Caring for yourself and feeling well after you have had your baby   Women vary a lot in how they recover physically and psychologically from their pregnancy and the experience of giving birth to their baby. You may feel that your body has got back to ‘normal’ within a few weeks of having your baby, but it can take much longer to adjust to the emotional changes of being a mother, especially where this is for the first time. Some women find that the physical symptoms they experience after [...]

Blood loss after your baby’s birth

Blood loss after your baby’s birth   Now that you have had your baby, your body will begin the process of recovering and healing from the experience of pregnancy and childbirth. Just as your body changed during pregnancy to meet the needs of your developing baby, it will now begin to return to its non-pregnant state. An important aspect of this process includes the uterus (womb) contracting down and reducing in size until it sits inside your pelvis again and cannot be felt abdominally. This process is called ‘involution’ [...]

Anaemia after childbirth

Anaemia after childbirth What is anaemia? Anaemia is a condition where the amount of iron (ie haemoglobin) present in your body’s red blood cells is lower than it should be. Where these iron levels drop below their normal levels, this is called iron-deficiency and it is the most common cause of anaemia in the UK. Your blood is made up of a fluid called ‘plasma’ which contains proteins in the form of red blood cells and white blood cells, as well as other cells that have a range of [...]


‘Grandmothering’ “It's such a grand thing to be a mother of a mother - that's why the world calls her grandmother”. Author Unknown Whether or not this is your first baby, your mother and your partner’s mother will no doubt be very proud and excited at the safe arrival of their grandchild! Grandmothers are usually generous in bringing gifts for the new baby as well as, offering you their advice from their own experiences. Whether this input is welcomed or appropriate can, however, be an entirely different matter. “Becoming [...]

Enjoy your babymoon!

Enjoy your babymoon!   From the information often presented in magazines and the media it would seem that there is often an emphasis, even obligation, on women to get back to their pre-pregnancy routines as soon as possible after childbirth. Yet in the early weeks of motherhood, most new mums are likely to need the same amount of emotional and physical support as they did during pregnancy and birth. While it is better for your overall health to be up and about as you are able, the emphasis placed [...]

Motherhood at 40 plus

Motherhood at 40 plus   Having your first baby and becoming a mother in your 40s has become an increasingly popular choice for many women in the UK. More and more women and their partners are now taking the active decision to delay their fertility and starting a family, instead choosing to pursue successful careers, achieve financial security, and settle into stable relationships before embarking on pregnancy and motherhood. Whereas, back in the 1970s and 80s women often had their first baby while in their mid-20s, recent figures released [...]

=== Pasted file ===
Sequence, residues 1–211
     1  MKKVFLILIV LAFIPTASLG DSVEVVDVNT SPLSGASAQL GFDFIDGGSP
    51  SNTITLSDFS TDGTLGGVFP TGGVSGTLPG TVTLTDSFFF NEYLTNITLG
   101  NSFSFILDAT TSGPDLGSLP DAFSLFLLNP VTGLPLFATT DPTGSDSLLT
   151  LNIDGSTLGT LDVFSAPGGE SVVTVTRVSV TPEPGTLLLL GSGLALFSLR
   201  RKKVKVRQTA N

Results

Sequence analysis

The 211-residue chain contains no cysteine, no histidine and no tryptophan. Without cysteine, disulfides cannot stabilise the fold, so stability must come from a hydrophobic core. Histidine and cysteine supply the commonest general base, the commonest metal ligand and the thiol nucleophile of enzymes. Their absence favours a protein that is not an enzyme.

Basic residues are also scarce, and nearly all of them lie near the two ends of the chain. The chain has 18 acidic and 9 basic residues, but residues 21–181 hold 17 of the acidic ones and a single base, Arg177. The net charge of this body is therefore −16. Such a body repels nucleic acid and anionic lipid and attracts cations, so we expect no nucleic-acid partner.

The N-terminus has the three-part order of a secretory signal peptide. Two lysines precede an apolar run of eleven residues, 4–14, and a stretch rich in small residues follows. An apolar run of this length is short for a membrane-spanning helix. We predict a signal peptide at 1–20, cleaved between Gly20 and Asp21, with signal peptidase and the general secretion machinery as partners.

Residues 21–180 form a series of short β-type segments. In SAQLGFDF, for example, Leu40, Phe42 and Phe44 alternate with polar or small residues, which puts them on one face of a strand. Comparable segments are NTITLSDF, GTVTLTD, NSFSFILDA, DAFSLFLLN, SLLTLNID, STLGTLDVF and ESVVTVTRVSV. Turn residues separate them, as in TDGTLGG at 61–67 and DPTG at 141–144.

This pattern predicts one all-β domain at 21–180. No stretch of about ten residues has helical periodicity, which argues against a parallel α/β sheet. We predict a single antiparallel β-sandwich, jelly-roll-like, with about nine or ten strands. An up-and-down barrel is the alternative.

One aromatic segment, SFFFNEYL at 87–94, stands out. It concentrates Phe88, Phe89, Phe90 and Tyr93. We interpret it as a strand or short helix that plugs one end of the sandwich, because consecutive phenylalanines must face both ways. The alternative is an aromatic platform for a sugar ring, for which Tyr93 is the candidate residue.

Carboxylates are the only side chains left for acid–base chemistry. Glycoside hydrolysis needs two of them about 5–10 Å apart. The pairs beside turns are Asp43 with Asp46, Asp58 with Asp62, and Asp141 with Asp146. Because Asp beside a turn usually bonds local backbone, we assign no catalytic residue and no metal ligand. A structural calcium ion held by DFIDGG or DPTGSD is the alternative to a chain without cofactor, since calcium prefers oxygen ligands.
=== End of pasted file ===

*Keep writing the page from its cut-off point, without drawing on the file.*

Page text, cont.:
Handy hints for Dads

Handy hints for Dads   The early days, weeks and months of parenthood are often incredibly fulfilling and joyous times, but can be equally exhausting and challenging as new parents get to know their newborn baby and its care needs, start to lay down new routines, and learn to cope with the many sleepless nights. At this time, attention frequently focuses on the needs of the new mother and her baby, which can often leave new dads feeling totally overlooked and excluded. Research shows however, that fathers’ have a [...]

Yummy Mummies!

Yummy Mummies! No matter how much you’ve anticipated the sleep deprivation and fatigue following your baby’s birth, the level of exhaustion that most new parents feel can still take them by surprise. With the care needs of your newborn baby occupying your days and nights, it’s not surprising that many new parents have precious little time to consider their own needs. The physical and emotional transition to parenthood can bring mixed feelings too – the elation of being a new mum, as well as the transition in moving from [...]

Back home with your newborn: what can you expect?

Back home with your newborn: what can you expect?   If you have given birth in hospital, taking your new baby home for the first time is very exciting. It can however, also feel a little daunting, as you begin to realise that you won’t be able to ring the call bell for ‘on hand’ assistance from the maternity ward staff. The midwives and maternity/health care assistants caring for you and your new baby will however, make sure that you are ready to go home, so you shouldn’t feel [...]

From partners to parents

From partners to parents   Embarking on parenthood is a significant life-changing event, which despite a couple’s best efforts to plan and prepare for can still come as a huge shock. Having in most cases spent nine months getting ready for your baby, it is not uncommon to find that life with your newborn is wrought with changes and adjustments to well-established and familiar routines. All of a sudden there is a small and often vocal ‘little person’ in your lives whose care needs fill both your days and [...]

Go to Top